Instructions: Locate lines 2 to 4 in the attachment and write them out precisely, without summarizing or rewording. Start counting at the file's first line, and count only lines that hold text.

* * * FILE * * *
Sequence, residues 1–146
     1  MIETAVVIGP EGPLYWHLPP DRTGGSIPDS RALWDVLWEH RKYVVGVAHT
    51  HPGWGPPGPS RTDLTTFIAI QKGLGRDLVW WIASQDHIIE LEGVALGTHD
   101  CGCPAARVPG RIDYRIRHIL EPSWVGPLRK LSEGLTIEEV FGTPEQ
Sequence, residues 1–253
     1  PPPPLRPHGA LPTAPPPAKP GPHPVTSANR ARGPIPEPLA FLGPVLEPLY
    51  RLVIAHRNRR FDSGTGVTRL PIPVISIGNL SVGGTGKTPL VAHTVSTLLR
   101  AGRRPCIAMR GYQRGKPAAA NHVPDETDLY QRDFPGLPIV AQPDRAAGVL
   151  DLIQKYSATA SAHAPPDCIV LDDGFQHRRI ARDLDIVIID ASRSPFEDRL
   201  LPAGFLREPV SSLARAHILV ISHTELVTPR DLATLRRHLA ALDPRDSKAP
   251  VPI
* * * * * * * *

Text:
     1  MIETAVVIGP EGPLYWHLPP DRTGGSIPDS RALWDVLWEH RKYVVGVAHT
    51  HPGWGPPGPS RTDLTTFIAI QKGLGRDLVW WIASQDHIIE LEGVALGTHD
   101  CGCPAARVPG RIDYRIRHIL EPSWVGPLRK LSEGLTIEEV FGTPEQ